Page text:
I was talking with a friend recently about an ongoing family issue that had been troubling her, when she paused in the middle of a lengthy narrative to say that it wasn’t feeling good in her heart to tell it.
This particular story felt unnecessary and uncomfortable and she preferred, instead, to let it go and sit quietly and acknowledge what she was feeling.
I could relate.
I have noticed, for myself and with others, that some stories seem heavy and tiresome when shared. They have a sense of “here we go again” that can drag us down into a quagmire of finger-pointing, negativity, and increased suffering. Instead, it can feel truer to look more deeply into what is going on below the surface, to shift our focus inward rather than outward.
This story behind the story is where the juice is. The frequently repeated surface story can merely be a front for a deeper one we may not have yet been able to give voice to. This deeper story feels fresh and alive, even if it is painful to face or leaves us feeling exposed and vulnerable.
It might be something we have held inside for years and never expressed to anyone. To finally share it, even just with ourselves, can be a tremendous unburdening, a cathartic release of long-held pain, allowing us to let go of our identification with it.
Feeling into what has not been expressed, and needs to be, is where the release and relief are found: the daily rant about how I hate my boss could just be a front for the anger at how helpless I feel; always complaining about how my sister has it better than me could be a cover for the pain of not feeling like I am loved; or feeling resentful toward my neighbor for how often he mows his lawn could be an expression of my feelings of being unsafe.
Most recently, for me, it was really diving into a sense of not being worth bothering with. It manifested as a feeling of heavy resignation that was so familiar that it was just a normal part of my inner landscape. Once really acknowledged, I could see how this story had been running my life for years, keeping me from really stepping out into the world and fully expressing myself as a writer.
The result of becoming free of this story was seeing that it was worth investing in myself to properly publish my most recent book by hiring an editor, cover designer, typesetter, coach, and even getting a professional headshot.
It was a revelation to realize that self-publishing didn’t mean that I had to do everything myself. That I didn’t have to just put my book out on Amazon and hope for the best, feeling like success was somehow meant for others and lamenting that I couldn’t ever get any traction in anything I did.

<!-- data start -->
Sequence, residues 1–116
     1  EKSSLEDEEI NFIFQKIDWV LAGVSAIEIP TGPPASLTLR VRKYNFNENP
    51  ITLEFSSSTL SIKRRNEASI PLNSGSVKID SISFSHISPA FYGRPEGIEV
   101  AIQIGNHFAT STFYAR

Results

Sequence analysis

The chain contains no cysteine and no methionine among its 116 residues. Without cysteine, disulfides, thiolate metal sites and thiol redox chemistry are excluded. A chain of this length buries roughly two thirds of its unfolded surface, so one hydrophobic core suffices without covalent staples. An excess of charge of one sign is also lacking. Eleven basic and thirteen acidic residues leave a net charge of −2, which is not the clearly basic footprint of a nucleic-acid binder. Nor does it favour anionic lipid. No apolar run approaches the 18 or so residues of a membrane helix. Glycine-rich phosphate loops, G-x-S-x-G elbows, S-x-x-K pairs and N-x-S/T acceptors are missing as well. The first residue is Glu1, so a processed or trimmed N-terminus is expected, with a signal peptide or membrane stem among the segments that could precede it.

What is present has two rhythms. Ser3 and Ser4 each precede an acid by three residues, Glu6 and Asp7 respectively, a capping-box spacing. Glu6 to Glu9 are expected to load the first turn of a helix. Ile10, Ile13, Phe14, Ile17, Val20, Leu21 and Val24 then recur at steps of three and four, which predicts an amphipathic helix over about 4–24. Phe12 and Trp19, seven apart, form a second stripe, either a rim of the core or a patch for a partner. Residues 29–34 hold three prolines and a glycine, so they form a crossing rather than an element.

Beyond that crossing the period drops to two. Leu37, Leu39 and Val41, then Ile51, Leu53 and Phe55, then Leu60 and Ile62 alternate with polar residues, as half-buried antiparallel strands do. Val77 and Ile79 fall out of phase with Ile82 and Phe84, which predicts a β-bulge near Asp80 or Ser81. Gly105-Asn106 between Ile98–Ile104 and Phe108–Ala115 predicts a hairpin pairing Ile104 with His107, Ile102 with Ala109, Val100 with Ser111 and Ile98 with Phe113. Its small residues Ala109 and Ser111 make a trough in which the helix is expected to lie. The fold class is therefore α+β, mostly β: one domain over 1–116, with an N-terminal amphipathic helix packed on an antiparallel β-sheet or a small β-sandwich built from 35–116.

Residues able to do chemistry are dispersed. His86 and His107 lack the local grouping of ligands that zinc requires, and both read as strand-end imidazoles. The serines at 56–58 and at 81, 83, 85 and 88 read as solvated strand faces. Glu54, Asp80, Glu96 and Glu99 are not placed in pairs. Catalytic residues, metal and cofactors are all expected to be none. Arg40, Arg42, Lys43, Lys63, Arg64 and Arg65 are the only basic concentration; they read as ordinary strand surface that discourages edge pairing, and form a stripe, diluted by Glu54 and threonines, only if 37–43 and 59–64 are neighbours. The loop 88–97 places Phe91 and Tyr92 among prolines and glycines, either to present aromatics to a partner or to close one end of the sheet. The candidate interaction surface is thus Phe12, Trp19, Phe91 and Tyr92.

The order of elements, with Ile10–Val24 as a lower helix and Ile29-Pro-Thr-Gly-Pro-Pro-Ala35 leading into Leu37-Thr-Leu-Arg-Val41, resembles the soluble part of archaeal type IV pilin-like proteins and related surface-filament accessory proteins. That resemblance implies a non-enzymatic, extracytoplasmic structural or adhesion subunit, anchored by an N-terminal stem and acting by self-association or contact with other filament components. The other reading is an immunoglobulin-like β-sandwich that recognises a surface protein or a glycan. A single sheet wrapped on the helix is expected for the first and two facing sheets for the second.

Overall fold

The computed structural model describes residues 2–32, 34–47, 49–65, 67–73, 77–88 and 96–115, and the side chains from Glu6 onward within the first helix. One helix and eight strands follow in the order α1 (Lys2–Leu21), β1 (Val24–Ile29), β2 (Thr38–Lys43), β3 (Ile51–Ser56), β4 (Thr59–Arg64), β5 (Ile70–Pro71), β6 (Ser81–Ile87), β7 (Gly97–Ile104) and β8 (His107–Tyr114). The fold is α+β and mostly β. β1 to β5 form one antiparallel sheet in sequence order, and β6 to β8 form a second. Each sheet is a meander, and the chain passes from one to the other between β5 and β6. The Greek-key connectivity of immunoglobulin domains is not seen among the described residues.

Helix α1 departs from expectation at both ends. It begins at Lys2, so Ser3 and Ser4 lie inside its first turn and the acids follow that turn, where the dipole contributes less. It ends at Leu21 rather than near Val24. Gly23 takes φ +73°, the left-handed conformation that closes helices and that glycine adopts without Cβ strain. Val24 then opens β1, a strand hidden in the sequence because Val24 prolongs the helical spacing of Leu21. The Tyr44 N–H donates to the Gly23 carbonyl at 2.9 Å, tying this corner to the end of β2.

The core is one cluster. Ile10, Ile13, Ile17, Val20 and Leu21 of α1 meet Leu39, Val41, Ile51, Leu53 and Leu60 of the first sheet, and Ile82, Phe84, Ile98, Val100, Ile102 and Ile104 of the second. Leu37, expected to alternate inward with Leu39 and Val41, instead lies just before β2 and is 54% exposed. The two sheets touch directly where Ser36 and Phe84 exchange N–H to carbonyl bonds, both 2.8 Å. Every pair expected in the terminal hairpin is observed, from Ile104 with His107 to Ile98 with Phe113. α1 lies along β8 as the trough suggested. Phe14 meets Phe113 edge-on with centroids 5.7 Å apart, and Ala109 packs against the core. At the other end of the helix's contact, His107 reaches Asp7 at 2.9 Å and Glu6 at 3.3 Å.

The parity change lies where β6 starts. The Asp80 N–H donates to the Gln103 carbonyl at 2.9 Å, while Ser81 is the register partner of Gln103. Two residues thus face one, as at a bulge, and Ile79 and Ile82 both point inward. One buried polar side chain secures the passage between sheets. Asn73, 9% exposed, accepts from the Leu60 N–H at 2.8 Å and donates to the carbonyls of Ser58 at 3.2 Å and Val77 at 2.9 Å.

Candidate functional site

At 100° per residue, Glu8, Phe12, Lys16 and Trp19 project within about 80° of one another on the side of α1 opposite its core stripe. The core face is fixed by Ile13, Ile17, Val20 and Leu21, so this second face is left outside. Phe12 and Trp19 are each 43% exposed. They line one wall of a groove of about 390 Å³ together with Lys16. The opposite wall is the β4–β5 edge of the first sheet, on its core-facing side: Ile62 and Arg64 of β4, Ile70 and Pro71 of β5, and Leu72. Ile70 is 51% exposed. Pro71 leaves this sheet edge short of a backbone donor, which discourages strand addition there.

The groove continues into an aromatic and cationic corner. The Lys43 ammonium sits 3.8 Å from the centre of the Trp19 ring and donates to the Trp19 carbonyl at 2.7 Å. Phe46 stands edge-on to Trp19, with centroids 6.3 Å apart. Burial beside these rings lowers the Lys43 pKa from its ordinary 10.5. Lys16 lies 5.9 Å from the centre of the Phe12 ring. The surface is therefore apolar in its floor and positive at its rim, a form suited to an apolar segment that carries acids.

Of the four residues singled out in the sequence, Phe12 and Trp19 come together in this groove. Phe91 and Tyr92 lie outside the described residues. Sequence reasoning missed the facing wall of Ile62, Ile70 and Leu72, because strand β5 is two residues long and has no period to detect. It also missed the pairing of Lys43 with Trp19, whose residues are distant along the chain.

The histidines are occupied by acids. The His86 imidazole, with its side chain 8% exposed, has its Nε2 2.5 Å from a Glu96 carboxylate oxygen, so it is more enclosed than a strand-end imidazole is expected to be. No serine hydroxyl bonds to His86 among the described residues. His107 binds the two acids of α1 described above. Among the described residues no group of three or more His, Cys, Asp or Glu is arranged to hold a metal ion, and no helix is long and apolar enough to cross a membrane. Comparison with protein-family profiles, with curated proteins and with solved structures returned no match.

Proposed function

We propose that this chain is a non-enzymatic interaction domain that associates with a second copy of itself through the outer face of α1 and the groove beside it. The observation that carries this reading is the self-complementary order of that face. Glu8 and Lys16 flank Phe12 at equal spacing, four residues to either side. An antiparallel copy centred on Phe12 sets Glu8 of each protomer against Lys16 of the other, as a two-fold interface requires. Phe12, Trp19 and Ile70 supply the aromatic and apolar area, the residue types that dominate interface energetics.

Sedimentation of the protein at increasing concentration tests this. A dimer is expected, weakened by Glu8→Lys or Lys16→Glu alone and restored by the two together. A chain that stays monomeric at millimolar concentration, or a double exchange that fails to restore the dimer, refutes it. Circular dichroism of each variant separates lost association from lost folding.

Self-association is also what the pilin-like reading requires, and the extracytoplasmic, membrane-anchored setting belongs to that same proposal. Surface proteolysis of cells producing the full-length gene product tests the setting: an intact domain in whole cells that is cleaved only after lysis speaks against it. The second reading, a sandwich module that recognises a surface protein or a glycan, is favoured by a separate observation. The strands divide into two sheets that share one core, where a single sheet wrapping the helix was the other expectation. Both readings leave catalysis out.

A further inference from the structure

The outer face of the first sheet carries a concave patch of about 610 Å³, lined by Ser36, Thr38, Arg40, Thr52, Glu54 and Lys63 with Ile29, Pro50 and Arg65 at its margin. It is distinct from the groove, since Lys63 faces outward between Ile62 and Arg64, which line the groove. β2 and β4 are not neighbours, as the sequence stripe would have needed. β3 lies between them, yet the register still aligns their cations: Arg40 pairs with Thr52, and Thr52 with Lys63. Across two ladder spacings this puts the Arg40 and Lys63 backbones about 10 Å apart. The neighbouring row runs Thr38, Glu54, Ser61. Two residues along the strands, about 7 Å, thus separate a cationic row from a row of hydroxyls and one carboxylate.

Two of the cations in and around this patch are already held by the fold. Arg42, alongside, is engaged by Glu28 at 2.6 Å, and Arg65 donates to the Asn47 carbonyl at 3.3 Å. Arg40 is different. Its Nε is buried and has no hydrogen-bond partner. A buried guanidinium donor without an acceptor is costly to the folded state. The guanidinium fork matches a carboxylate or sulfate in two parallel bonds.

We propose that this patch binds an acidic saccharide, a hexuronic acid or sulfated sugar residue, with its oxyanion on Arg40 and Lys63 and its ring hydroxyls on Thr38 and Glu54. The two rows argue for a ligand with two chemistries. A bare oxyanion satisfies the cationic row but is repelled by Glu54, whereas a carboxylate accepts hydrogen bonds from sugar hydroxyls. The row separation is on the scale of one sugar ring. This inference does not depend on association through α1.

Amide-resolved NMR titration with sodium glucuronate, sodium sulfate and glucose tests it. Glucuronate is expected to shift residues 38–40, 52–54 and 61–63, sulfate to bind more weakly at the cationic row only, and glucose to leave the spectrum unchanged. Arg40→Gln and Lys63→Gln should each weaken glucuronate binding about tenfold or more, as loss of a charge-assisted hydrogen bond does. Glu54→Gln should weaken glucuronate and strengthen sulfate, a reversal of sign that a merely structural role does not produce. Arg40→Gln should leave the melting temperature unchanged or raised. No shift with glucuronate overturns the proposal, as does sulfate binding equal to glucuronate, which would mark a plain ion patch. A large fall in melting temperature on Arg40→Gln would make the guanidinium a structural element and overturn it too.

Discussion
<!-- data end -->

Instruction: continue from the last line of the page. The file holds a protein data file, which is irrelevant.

As I realized firsthand, so often we are not even aware of what we believe about ourselves and don’t understand why we continue to find ourselves in unhappy relationships or unfulfilling jobs, feeling stuck, and unable to open to other possibilities and ways of being, or are unable to control our self-defeating behavior. We can feel anxious, depressed, dissatisfied, have uncontrollable bursts of anger, or sometimes even feel physically ill.
We can try to distract ourselves from these more surface feelings with constant activity, entertainment, and/or addictions, but they still lurk under the surface no matter what we do. Looking outside of ourselves for that sense of wellness, peace, or contentment can offer only short-term relief, and true peace and contentment will continue to elude us.
It can be scary, even terrifying, to stop our running and to fully acknowledge and experience our fears, griefs, regrets, shame, rejections, anger, and even feelings of love. However, when these emotions are truly felt, even when it’s uncomfortable or scary to do so, they begin to lose their power and the accompanying surface stories begin to wind down.
Sometimes we can do this on our own and sometimes we can’t. At times, it can be helpful to have someone who is able to hold a nonjudgmental and safe space for us to deeply feel what we have been avoiding. Finding such a person may mean that we need to step out of our usual support system of friends and family. Even if they mean well, these people may not have the capacity to unflinchingly be with us and support us in our deepest pain, to mirror back to us that we are fundamentally just fine, despite what is showing up.
When we are able to open to the full range of our deeper emotions, the good and the bad, we see that it won’t kill us to acknowledge them. Our inner world starts to feel more benign and manageable, no matter what is appearing.
As a result, we begin to experience greater harmony in all aspects of our lives, having a different experience of ourselves, other people and our world, and even to find our energy freed up for deeper spiritual awakening.
This doesn’t happen overnight, but if we are committed to exploring how our suffering has been created, we can become free of it.